A teacher wouldn’t accept a report that lacked the author’s name and cited Wikipedia as a source, so neither should the people of Western Maine.

Yet this is what the Air National Guard presented for its Environmental Impact Study of low-level fighter jet flights across its Condor training areas, which stretches across the skies of Oxford, Franklin, Piscataquis and Somerset counties.

It wasn’t received well. The reception was so poor, Gov. John Baldacci sent a letter straight back to the Air National Guard saying the report failed to “meet its burden of proof” that dropping the flight ceiling to 500 feet in Western Maine wouldn’t have negative effects.

“As you can see,” he said, “these assessments strongly suggest that more work needs to be done to assure me and the people of the Western Maine that no significant impacts will result from the proposed changes to the Condor (area).”

This led the Guard to indefinitely postpone a public hearing in Farmington on the report, set for Wednesday.

The report is an underwhelming, 172-page rehash of facts and definitions, but little assessment. Reportedly, the previous environmental study on low-level flights in Condor, performed during the McKernan administration, was seven volumes of information. (And that, observers recall, didn’t even get the job done.)

The new report does not list its author, which should raise questions about credentials. Citing Wikipedia as a source raises concerns about its facts. What should have been a persuasive, detailed research document compiled by a verified government expert is, well, unproven.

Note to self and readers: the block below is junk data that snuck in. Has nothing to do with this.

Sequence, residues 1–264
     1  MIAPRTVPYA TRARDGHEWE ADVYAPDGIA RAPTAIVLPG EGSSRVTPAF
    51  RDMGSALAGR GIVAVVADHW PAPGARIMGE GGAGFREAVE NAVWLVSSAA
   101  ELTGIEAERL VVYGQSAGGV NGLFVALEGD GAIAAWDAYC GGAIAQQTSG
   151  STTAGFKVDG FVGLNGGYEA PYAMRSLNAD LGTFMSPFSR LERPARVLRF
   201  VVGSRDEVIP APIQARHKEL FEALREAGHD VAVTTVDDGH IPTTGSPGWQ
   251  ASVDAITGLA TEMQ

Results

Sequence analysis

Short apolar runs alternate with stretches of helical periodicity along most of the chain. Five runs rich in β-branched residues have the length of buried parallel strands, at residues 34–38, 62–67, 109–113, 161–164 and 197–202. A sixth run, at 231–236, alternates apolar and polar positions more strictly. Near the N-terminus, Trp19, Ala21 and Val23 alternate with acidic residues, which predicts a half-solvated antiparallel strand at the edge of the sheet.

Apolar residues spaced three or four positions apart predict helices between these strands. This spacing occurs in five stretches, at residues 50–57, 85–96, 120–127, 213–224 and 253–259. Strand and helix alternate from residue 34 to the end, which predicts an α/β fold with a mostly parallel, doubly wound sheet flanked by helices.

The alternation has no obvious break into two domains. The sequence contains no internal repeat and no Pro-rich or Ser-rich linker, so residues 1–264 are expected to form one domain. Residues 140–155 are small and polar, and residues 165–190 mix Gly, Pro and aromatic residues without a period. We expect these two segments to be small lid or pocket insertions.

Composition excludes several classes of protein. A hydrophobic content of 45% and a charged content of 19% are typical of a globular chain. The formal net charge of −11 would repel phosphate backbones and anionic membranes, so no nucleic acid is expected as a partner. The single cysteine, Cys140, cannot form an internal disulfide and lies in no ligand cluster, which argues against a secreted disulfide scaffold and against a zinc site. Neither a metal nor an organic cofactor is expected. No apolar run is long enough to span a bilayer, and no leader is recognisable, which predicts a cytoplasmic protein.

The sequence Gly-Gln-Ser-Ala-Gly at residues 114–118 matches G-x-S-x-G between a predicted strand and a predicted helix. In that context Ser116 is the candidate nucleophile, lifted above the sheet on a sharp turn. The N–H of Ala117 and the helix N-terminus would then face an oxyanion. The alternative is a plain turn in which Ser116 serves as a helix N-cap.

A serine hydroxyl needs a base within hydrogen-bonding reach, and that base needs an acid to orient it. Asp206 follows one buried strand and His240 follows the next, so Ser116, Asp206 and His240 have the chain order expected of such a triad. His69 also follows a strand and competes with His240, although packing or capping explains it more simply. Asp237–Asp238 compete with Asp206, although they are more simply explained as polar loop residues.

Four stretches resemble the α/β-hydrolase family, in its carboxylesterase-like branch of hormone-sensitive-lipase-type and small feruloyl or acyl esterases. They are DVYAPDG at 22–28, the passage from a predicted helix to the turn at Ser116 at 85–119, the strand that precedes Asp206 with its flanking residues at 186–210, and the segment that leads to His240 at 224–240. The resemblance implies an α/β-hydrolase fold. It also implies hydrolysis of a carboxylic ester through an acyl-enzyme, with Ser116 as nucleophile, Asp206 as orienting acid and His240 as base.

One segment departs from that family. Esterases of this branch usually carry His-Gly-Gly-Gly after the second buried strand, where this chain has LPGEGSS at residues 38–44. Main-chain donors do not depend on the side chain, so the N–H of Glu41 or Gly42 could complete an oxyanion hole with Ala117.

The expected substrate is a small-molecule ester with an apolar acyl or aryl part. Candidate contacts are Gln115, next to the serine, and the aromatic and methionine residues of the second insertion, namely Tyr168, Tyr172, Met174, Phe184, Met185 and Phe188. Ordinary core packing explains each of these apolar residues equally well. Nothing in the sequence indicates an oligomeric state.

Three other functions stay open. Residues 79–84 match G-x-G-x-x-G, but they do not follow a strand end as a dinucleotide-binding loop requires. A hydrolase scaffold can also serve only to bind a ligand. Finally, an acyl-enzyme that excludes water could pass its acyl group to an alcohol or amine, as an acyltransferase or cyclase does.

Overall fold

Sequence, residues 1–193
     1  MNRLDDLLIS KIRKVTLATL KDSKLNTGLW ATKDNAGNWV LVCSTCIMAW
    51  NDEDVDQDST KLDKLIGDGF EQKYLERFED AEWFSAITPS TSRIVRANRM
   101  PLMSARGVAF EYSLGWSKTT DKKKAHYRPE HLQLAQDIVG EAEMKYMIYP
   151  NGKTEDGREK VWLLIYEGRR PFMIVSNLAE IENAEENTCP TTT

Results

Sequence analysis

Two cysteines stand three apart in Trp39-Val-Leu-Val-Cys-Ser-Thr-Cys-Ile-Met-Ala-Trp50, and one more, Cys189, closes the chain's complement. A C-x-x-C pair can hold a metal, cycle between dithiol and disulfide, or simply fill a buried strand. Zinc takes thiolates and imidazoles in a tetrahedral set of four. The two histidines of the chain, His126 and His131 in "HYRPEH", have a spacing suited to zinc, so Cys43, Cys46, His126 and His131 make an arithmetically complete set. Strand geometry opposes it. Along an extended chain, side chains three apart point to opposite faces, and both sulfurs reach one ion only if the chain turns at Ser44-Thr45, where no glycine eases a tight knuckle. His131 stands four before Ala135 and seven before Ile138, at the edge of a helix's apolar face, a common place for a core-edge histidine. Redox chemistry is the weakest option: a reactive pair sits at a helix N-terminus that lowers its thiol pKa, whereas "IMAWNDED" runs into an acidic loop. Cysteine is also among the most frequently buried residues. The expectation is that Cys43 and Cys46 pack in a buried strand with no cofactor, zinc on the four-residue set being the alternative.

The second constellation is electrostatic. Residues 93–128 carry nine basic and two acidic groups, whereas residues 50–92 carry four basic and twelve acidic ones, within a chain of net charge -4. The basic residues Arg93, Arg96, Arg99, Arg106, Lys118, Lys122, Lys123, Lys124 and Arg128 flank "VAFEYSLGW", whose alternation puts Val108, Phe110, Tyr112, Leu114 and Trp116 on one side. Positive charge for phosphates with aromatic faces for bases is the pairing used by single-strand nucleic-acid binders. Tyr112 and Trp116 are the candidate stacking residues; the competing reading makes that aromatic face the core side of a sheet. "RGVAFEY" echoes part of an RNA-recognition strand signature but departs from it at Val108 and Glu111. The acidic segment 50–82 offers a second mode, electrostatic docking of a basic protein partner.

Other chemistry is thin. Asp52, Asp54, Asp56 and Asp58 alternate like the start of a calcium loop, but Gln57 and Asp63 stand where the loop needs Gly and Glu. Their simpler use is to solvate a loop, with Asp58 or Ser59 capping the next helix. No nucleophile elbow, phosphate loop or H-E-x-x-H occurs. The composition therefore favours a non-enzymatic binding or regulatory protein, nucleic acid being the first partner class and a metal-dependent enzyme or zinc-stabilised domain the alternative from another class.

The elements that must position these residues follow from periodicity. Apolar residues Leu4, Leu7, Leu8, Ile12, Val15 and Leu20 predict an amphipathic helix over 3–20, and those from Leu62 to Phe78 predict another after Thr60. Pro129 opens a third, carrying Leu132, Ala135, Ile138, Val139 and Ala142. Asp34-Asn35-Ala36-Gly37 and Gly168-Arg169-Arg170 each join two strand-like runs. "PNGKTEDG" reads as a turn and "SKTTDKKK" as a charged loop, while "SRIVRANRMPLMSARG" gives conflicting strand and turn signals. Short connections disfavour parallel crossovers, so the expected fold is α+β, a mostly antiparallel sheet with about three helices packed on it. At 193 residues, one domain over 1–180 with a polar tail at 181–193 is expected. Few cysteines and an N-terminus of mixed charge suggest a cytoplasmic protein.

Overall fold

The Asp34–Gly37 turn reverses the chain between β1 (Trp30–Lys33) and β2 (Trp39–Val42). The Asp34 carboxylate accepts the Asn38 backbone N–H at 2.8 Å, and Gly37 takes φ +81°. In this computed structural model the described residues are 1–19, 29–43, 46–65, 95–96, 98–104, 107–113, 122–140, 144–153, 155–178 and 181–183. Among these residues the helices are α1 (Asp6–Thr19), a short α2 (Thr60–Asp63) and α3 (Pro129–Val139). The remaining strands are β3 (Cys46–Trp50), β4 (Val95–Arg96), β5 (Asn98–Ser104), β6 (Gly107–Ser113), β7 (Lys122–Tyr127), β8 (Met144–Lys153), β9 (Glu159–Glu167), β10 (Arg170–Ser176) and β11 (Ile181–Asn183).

Instead, it reads like a foregone conclusion. In its summary, the report states definitively that low-level flights would not have any environmental, economic, social, or cultural impact on Western Maine, and that’s that.

The Guard must do more to convince residents its plans would not have a significant impact. In fact, it’s arguable the burden of proof on the Guard is greater today than it was when opening the Condor area to low-level flights was dusted off in 2007.

The report cites the terrorist attacks of 9/11 as an inspiration for lowering the flight ceiling, so as to better train pilots on low-level interception of civilian aircraft.

Yet, since the eighth anniversary of these attacks is approaching, does this rationale remain valid? Has this training really been unavailable for pilots since 2001?

Technology, too, has progressed to where American air superiority is now measured by the skill of our drones rather than the scream of our jets. Rejection of funding for the state-of-the-art F-22 fighter by Congress earlier this year is indicative of this subtle evolution.

Make no mistake: We want our fighting men and women to have the best training possible. But the governor is right — more work needs to be done.

The Guard’s report was a weak effort; it must offer a better case for why a change in airspace is still necessary.

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